Assessing punching shear failure in reinforced concrete flat slabs subjected to localised impact loading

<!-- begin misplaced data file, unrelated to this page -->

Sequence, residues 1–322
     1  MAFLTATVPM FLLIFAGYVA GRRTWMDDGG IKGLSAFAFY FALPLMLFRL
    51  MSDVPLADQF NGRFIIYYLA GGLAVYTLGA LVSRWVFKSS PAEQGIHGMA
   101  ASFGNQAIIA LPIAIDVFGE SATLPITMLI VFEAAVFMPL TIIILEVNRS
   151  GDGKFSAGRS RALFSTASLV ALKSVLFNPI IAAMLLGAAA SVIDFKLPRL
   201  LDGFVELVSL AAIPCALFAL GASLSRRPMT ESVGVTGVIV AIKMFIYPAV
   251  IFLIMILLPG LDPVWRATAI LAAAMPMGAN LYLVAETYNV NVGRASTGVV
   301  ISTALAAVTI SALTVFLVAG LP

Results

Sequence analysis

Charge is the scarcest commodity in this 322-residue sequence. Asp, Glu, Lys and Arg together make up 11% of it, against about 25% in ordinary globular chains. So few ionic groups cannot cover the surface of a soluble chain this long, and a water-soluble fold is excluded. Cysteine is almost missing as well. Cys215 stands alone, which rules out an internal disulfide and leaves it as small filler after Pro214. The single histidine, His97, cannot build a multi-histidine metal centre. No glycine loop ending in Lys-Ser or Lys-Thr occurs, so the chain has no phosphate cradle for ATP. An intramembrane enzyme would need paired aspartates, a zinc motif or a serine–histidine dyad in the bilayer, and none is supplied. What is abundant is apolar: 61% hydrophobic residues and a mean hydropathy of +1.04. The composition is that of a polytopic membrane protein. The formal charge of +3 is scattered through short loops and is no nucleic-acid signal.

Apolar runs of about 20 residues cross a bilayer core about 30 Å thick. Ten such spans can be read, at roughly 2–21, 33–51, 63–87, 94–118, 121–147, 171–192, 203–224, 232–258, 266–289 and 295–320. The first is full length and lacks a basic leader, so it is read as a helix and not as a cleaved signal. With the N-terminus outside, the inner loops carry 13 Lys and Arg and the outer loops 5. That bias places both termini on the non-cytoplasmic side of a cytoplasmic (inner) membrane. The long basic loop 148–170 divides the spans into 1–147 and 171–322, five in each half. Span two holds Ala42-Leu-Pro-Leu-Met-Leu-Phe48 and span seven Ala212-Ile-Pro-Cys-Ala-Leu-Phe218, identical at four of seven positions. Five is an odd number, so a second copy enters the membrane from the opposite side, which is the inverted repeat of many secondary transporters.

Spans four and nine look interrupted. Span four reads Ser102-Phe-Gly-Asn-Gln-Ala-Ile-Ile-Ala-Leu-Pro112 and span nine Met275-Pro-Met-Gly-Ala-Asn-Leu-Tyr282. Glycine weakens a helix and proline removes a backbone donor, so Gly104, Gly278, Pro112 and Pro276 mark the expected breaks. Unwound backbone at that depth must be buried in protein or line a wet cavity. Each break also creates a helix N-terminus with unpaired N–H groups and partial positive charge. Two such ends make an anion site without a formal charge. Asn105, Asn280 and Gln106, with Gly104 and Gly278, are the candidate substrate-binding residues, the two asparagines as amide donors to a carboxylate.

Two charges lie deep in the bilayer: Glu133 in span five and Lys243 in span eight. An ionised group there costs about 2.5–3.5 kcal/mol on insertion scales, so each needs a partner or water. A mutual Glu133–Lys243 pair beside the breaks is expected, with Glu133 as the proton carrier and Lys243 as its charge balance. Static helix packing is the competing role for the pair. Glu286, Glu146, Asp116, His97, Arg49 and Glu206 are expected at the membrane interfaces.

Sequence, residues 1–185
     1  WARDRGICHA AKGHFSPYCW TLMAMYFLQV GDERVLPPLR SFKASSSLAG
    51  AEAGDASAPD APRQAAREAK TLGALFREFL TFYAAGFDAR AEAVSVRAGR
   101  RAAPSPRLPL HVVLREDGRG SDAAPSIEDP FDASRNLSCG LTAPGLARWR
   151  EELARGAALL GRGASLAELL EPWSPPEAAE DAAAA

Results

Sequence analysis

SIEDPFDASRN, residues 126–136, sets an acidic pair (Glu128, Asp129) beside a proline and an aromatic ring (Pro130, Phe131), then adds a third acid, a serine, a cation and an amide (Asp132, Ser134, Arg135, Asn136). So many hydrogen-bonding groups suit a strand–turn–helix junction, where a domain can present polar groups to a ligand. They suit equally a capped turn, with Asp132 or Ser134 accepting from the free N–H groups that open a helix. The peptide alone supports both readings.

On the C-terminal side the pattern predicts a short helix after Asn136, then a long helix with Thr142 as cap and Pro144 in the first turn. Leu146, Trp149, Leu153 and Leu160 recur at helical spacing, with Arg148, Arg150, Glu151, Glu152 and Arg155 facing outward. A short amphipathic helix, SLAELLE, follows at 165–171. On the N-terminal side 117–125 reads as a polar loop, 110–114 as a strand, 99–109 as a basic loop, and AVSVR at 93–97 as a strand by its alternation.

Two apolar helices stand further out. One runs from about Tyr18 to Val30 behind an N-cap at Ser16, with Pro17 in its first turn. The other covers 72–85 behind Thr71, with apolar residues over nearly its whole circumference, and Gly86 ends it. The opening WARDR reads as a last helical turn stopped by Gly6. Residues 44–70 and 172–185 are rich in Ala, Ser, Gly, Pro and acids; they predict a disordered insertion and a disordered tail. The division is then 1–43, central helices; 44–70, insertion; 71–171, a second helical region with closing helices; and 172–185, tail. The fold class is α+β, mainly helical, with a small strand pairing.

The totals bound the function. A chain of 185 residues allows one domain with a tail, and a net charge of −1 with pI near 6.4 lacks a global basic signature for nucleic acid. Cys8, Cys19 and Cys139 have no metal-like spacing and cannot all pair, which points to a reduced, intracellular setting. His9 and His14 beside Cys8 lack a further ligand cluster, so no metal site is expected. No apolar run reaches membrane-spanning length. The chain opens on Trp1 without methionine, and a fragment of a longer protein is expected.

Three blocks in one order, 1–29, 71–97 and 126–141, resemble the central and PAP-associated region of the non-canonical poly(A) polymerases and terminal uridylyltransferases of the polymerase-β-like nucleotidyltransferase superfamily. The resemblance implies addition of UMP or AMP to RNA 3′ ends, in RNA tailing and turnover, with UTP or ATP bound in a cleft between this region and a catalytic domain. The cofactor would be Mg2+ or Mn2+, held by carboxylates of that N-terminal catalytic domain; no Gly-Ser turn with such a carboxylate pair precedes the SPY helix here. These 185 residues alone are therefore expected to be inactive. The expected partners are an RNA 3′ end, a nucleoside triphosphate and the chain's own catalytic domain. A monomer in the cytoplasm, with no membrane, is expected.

Reinforced concrete flat slab structures are used widely in construction projects due to their economic and functional advantages. Punching shear failure in such structures can have catastrophic effects in the case of, for example, multi-storey framed structures and the designer aims to ensure that ductile flexural deformation occurs before the brittle shear failure. Shear mechanisms generally govern the behaviour of reinforced concrete structures subjected to localised impact loads. Existing experimental results investigating punching shear in flat slabs subjected to impact loading shows that when increasing the loading rate, the punching shear strength also increases whereas the deformation capacity reduces. This behaviour is due to a combination of inertial effects and material strain-rate effects which leads to a stiffer behaviour of the slab for higher loading rates. This can also lead to a change of mode of failure from flexural to pure punching shear with increasing loading rates. Current empirical formulae for punching shear are unable to predict this behaviour since the slab deformations are not considered for calculating the punching shear strength. This paper presents an analytical model based on the Critical Shear Crack Theory which can be applied to flat slabs subjected to impact loading. This model is particularly useful for cases such as progressive collapse analysis and flat slab-column connections subjected to an impulsive axial load in the column. The novelty of the approach is that it considers (a) the dynamic punching shear capacity and (b) the dynamic shear demand, both in terms of the slab deformation (slab rotation). The model considers inertial effects and material strain-rate effects although it is shown that the former has a more significant effect. Moreover, the model allows a further physical understanding of the phenomena and it can be applied to different cases (slabs with and without transverse reinforcement) showing a good correlation with experimental data. (C) 2014 Published by Elsevier Ltd.


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